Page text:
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22 Nov 2015, 00:19
Sandy Mamoli (4 posts)

Welcome and thanks for reading our book!

We hope you enjoyed it and found it useful, possibly even life changing! :-)

We invite you to use this forum to ask any questions (we’ll happily and speedily answer), give feedback and post discussions around topics in the book. And, if you have an experiences with Self-Selection you’d like to share, we’d love to hear your story. Sandy & David (authors)

22 Nov 2015, 09:55
Rafeequl Rahman (1 post)

Thanks for your great book. In our company, we’ve been trying to figure out how to have a self-sufficient team, want-to over have-to. But we don’t have a clue how to actually pull this off. With this book, now we finally have some clue how to execute it step by step.

However, I read that this self-selection team is good for a larger group. How do you define a “larger” group ? How to justify that we need it ? Another question, how to divide squads ? As I understand it represent a team of a project/product ? is it good idea to have sub-project squads ?

30 Nov 2015, 22:25
David Mole (1 post)

Hi there, thanks for your nice words and comments. I’m glad you have picked up the book and it has been useful. To answer your questions, a large group for us was 150-200 people, we found that the process worked well even with a group of this size.

In terms of justifying it, that is a tougher question! We found empowering the people closest to the information was the best way to explain what we were trying to do, but you could also start with a small trial (like we did) to prove the concept and have demonstrable results.

Squads can be aligned around products and/or projects as you see fit. We chose to mainly align people around products or areas of the business, and that way the squads could remain stable (and grow and learn together) whilst the projects and work inevitably changes over time.

I wasn’t sure what you meant by sub-project squads, did you mean multiple squads working on a single project?

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01 Dec 2015, 05:01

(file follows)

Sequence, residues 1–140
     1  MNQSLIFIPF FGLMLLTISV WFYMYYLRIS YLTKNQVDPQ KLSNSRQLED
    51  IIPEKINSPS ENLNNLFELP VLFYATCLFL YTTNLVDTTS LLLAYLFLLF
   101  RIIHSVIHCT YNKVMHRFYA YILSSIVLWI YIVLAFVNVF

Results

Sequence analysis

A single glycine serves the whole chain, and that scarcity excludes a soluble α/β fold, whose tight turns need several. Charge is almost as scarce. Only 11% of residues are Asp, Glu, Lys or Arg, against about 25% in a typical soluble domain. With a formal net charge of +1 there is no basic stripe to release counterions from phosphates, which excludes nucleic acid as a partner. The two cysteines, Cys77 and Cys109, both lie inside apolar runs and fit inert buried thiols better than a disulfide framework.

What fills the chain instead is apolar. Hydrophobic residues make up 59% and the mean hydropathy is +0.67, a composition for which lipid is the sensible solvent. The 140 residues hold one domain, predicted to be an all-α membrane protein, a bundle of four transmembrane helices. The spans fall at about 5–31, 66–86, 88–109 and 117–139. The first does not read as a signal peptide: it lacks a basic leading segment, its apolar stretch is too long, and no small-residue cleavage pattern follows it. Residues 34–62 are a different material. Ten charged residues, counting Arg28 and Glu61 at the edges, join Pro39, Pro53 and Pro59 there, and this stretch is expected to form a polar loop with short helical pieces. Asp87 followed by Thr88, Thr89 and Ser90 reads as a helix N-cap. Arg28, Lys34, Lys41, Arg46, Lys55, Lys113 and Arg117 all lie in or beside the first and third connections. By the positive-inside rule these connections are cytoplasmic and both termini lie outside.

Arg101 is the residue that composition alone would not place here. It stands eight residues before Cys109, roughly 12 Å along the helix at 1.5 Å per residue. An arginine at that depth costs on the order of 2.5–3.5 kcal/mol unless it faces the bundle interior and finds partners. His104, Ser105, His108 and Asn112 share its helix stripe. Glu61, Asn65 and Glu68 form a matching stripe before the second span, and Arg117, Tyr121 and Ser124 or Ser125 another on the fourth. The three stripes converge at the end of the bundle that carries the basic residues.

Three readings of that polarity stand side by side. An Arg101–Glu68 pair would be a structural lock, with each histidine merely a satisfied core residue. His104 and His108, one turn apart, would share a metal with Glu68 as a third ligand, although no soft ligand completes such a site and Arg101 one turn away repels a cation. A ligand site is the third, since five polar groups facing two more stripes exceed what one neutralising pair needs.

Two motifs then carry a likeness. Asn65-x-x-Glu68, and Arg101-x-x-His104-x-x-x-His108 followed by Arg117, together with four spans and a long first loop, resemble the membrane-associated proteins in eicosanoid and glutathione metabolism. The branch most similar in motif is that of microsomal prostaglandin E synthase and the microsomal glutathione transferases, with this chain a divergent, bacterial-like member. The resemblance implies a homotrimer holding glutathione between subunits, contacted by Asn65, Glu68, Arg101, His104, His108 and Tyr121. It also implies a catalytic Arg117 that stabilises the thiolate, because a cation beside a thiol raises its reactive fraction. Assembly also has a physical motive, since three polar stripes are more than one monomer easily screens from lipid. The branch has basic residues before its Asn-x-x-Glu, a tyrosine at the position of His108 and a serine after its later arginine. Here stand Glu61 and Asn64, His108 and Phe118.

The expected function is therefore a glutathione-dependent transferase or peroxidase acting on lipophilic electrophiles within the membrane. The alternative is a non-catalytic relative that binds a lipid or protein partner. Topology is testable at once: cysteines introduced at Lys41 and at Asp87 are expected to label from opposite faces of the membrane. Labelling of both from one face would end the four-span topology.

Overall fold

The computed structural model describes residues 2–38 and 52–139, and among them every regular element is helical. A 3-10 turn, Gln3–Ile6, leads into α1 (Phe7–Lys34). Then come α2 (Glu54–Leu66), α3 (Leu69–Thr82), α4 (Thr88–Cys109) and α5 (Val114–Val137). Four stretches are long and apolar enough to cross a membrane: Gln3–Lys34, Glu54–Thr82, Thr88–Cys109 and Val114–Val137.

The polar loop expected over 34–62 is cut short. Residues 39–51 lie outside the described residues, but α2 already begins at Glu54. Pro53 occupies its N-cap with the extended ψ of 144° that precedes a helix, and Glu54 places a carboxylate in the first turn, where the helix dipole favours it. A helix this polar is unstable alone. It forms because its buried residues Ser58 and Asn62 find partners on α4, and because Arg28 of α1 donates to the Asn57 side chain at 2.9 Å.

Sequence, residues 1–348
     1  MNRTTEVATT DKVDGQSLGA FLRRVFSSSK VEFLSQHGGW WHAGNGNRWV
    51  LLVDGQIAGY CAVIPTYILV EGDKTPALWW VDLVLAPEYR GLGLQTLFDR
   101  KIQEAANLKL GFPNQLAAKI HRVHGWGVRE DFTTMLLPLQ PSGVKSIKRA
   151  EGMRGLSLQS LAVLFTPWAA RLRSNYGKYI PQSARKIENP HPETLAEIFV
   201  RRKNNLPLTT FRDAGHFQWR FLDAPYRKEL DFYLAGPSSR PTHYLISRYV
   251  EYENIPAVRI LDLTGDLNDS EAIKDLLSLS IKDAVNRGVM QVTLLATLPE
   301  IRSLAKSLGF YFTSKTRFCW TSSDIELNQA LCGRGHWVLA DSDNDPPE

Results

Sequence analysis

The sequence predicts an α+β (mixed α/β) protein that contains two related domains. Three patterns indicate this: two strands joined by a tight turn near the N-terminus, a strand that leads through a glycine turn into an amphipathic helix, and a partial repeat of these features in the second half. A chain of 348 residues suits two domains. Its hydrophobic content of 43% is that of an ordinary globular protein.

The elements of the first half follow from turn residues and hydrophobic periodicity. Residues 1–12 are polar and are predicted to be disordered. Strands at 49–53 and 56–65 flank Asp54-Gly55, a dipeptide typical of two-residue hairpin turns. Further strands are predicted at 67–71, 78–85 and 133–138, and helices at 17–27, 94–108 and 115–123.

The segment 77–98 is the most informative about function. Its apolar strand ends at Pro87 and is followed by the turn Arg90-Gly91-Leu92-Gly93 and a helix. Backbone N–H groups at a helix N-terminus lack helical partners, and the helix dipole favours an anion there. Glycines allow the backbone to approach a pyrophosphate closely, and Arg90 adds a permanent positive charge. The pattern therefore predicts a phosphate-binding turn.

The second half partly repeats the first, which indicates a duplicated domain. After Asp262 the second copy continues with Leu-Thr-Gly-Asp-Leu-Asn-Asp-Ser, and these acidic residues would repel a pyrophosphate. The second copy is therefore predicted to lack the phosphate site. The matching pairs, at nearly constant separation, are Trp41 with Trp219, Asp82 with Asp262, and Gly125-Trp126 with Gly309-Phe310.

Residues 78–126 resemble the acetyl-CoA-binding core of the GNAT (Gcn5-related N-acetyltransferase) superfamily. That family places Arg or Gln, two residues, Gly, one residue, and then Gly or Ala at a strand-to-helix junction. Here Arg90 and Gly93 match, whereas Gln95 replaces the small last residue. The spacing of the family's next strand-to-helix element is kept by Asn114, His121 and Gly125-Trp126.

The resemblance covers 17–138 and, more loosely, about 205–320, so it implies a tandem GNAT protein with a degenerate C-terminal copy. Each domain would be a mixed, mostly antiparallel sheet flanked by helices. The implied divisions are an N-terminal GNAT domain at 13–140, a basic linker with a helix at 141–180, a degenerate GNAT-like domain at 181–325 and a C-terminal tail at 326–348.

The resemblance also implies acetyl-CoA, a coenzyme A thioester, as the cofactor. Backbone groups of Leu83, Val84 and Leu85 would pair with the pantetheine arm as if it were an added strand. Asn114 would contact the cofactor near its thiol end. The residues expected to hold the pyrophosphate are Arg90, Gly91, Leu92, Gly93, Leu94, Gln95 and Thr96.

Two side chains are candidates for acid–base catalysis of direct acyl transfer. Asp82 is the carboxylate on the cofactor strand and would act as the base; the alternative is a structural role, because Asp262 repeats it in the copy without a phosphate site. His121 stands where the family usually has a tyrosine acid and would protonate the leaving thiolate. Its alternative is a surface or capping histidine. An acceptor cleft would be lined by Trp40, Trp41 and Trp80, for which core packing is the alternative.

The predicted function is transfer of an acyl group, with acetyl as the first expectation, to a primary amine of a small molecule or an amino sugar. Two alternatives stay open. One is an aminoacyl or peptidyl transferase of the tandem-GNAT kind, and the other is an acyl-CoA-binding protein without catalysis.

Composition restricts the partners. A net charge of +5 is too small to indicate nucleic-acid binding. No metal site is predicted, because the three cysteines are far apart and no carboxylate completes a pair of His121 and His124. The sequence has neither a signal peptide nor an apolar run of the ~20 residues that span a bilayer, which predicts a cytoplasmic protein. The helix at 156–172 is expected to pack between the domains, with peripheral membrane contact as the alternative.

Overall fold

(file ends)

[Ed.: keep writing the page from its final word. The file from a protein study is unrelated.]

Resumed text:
Lucien Boland (1 post)

I’m enjoying reading this book and the experience the authors are sharing. I must admit however to being a little shocked when I read on page 36 under “materials you will need”:

“Do what is best for your company” banner.

Surely, nobody could take such a banner seriously after the lampooning it got in “Office Space”?

02 Dec 2015, 08:59
Sandy Mamoli (4 posts)

Perhaps the “Office Space” is more relevant in the US.

The banner works effectively in New Zealand, in our company that people actually believe in.

26 May 2016, 09:05
YuHsiu Lin (1 post)

Thank you for your sharing on how to do self-selection in a company. It is quite different approach and brave change for an organization. We have a small group of people from various companies to read your book together in Taiwan. Recently, we have a discussion session on Chapter 3 and Chapter 4. Some people raised a question that “Doing the best for your company” sounds great but in fact contradicting to the real human behavior. Mostly, people will go for the team with excellent persons, and avoid the person who is not in a good condition. A product owner may have secretly talked with the persons he believes good for his team before the self-selection event. Some persons may have allied before the event and go together to the same team. Under this situation, some teams will definitely much weaker than the others. What’s the advice to deal with this kind of “Doing the Best for Oneself” instead of “Doing the best for your company”?

29 May 2016, 07:31
Sandy Mamoli (4 posts)

Hi YuHsiu,

Great to hear that you have a great cross-organisational circle going. We’re very happy that you’re reading Creating Great Teams!

I’d ask everyone who asks this question how they would choose their team if they were personally in this position. If their employer trusted them to make a choice based on what is best for the company would they themselves really just do what is best for them?

I have met very few people across all the companies we have run self-selection events who did not consider both what they wanted to do and also what was fair and reasonable to their company.

You say that you believe it’s human nature to choose to work with excellent people and to avoid the not so “good” ones. I find many people enjoy teaching and mentoring others and I have seen many groups where senior and juniors, stars and average people chose to form a team.

People are usually good, constructive, reasonable and want the right things. They are perfectly capable to strike the balance between doing what is both best for them and what is best for their company.

If you really have someone where you genuinely think they’re not acting this way, I’d ask them directly during self-selection how they think their choice is best for the company, how their choice helps solve the overall puzzle and how they believe this is best for them and their employer. And if they can see other options for solving the puzzle.

Whenever this has happened in one of my events this has either prompted the person to realise that their solution probably wasn’t the best or it has made me realise that the person had a perfectly valid reason to think that this was best for the company. In short, don’t assume people’s motives. Have a conversation. And be open to the possibility they might be right.

Hope this helps …


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